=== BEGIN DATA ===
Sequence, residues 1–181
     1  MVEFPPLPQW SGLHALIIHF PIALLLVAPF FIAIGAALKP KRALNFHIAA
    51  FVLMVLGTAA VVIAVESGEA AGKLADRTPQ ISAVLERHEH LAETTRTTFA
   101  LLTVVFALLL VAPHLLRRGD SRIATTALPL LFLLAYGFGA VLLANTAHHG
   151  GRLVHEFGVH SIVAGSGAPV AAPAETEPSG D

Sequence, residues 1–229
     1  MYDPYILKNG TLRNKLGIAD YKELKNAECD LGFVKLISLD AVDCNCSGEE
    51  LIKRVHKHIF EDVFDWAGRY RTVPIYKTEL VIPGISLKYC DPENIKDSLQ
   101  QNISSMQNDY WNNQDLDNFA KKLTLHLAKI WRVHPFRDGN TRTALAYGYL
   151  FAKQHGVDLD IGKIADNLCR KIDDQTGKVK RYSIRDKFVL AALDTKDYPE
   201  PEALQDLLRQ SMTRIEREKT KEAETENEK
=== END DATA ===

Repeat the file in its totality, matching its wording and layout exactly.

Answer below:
Sequence, residues 1–181
     1  MVEFPPLPQW SGLHALIIHF PIALLLVAPF FIAIGAALKP KRALNFHIAA
    51  FVLMVLGTAA VVIAVESGEA AGKLADRTPQ ISAVLERHEH LAETTRTTFA
   101  LLTVVFALLL VAPHLLRRGD SRIATTALPL LFLLAYGFGA VLLANTAHHG
   151  GRLVHEFGVH SIVAGSGAPV AAPAETEPSG D

Sequence, residues 1–229
     1  MYDPYILKNG TLRNKLGIAD YKELKNAECD LGFVKLISLD AVDCNCSGEE
    51  LIKRVHKHIF EDVFDWAGRY RTVPIYKTEL VIPGISLKYC DPENIKDSLQ
   101  QNISSMQNDY WNNQDLDNFA KKLTLHLAKI WRVHPFRDGN TRTALAYGYL
   151  FAKQHGVDLD IGKIADNLCR KIDDQTGKVK RYSIRDKFVL AALDTKDYPE
   201  PEALQDLLRQ SMTRIEREKT KEAETENEK